SINGAPORE, Nov 11 (Reuters) – Regulators froze some assets of troubled cryptocurrency exchange FTX and industry peers rushed to limit losses on Friday amid worsening solvency problems of the company and increased control of its managing director, Sam Bankman-Fried.
The week-long saga that began with a run on FTX, one of the biggest crypto exchanges, and a failed takeover deal by rival Binance has hit already struggling bitcoin and other tokens.
FTX is scrambling to raise around $9.4 billion from investors and competitors, a source said Thursday, as the exchange urgently seeks to bail out after a wave of customer withdrawals.
Meanwhile, the Bahamas Securities Commission said on Thursday that it froze the assets of FTX Digital Markets, a subsidiary of FTX. Bankman-Fried is also being investigated by the U.S. Securities and Exchange Commission for possible securities law violations, according to an unverified tweet from a Bloomberg reporter.
Bitcoin fell 4% to $16,858 on Friday, with losses totaling 17% this month. FTX’s FTT token fell 27% to $2.7, with losses of 89% for the month.
Trading volumes on bitcoin futures and exchange-traded funds have skyrocketed.
“Trust disappeared on the first day of this fallout and there is no hope yet for it to return,” said Kami Zeng, head of research at Fore Elite Capital Management, a crypto fund manager based in Tokyo. Hong Kong.
“We are already seeing actions from regulators from the US to Japan to the Bahamas etc. Expect more and that is what the crypto market badly needs right now. People are hurting and need protection.”
US lawmakers have stepped up their calls for action, including new laws to govern the industry and an investigation into what led to FTX’s collapse.
With the increase in losses, more and more lenders and crypto platforms have described increasing volumes and measures to protect themselves. Crypto lender BlockFi said it was suspending customer withdrawals until there is clarification on FTX.
Broker Genesis Trading has revealed that its derivatives business has approximately $175 million in funds locked on FTX.
“We believe there is at best a 20-30% chance of an FTX rescue,” said Matthew Dibb, chief operating officer of Singapore-based crypto investment manager Stack Funds.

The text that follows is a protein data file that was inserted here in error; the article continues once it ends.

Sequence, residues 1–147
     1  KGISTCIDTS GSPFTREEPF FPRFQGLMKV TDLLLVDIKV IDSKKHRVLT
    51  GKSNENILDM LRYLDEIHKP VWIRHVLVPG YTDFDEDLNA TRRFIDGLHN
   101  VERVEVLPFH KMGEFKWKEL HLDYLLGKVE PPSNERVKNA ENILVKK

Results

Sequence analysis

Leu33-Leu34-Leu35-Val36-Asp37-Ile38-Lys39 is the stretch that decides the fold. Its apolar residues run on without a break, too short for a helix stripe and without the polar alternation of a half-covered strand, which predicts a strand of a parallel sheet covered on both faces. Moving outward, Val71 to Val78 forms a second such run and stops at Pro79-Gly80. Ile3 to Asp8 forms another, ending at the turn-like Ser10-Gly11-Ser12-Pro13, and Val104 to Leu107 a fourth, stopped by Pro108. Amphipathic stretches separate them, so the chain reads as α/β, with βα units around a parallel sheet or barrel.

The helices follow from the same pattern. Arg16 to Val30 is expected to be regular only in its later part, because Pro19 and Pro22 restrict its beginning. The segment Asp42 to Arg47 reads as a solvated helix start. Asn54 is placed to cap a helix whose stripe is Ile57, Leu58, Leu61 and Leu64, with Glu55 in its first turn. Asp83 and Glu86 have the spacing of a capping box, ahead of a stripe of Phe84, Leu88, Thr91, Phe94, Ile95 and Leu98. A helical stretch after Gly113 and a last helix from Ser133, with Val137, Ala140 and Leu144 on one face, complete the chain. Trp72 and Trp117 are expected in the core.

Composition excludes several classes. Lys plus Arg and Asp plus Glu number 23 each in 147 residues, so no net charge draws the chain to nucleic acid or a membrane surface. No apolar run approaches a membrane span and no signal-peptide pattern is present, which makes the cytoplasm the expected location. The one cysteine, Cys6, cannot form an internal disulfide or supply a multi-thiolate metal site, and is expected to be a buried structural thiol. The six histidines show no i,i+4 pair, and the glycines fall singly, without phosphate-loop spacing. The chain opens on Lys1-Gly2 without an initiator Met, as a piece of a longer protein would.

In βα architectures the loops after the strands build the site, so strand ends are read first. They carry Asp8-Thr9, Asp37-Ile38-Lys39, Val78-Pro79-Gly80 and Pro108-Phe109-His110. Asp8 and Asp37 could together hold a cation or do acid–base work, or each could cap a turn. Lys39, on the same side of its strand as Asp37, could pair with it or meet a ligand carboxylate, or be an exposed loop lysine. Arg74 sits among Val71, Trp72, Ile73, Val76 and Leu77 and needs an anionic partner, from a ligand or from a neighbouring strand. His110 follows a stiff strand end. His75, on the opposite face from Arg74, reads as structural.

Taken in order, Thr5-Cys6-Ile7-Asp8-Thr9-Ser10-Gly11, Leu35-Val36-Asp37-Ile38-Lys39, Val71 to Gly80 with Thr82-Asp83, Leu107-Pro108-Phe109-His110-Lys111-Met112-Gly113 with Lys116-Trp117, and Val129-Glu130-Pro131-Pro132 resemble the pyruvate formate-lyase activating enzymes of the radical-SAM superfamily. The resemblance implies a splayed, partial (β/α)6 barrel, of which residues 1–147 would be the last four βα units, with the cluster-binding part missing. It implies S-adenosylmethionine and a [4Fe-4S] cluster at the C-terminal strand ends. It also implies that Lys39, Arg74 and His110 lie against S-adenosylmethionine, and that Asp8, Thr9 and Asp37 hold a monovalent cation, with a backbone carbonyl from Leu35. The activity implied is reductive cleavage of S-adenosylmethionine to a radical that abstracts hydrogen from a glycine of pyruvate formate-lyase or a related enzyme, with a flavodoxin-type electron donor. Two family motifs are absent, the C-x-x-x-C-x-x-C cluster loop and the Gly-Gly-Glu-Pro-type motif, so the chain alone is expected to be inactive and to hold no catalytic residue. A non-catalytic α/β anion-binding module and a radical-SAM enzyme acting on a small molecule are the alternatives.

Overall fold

He noted that speculators are paying 10 cents for every dollar to buy trapped deposits on FTX.
“The damage seems to be done and even if FTX were bailed out, it would no longer be a way to trade as they have lost all credibility. A bailout of FTX would not be for the company, but for the clients and the crypto ecosystem. “
The seeds of FTX’s downfall were sown months earlier, in the mistakes made by Bankman-Fried after it intervened to save other crypto companies. Sources told Reuters that FTX transferred at least $4 billion to Alameda, to prop up the trading company after a string of losses.
BUILDING ON SUPPORT
Bankman-Fried discussed raising $1 billion each from Justin Sun, the founder of crypto token Tron, rival exchange OKX and stablecoin platform Tether, according to the source with direct knowledge of the matter. .
It is seeking the rest from other funds, including current investors such as Sequoia Capital, the source added.
It was unclear if Bankman-Fried would be able to raise the funds it needed or if those investors would participate.
FTX’s predicament marks a stunning downfall for the 30-year-old crypto executive who was once worth almost $17 billion.
The US securities regulator is investigating FTX.com’s handling of client funds and crypto lending activities, according to a source with knowledge of the investigation.
Additional reporting by Rae Wee in Singapore, Hannah Lang in New York, David Shepardson in Washington, Aishwarya Nair in Bangalore; Editing by Sam Holmes
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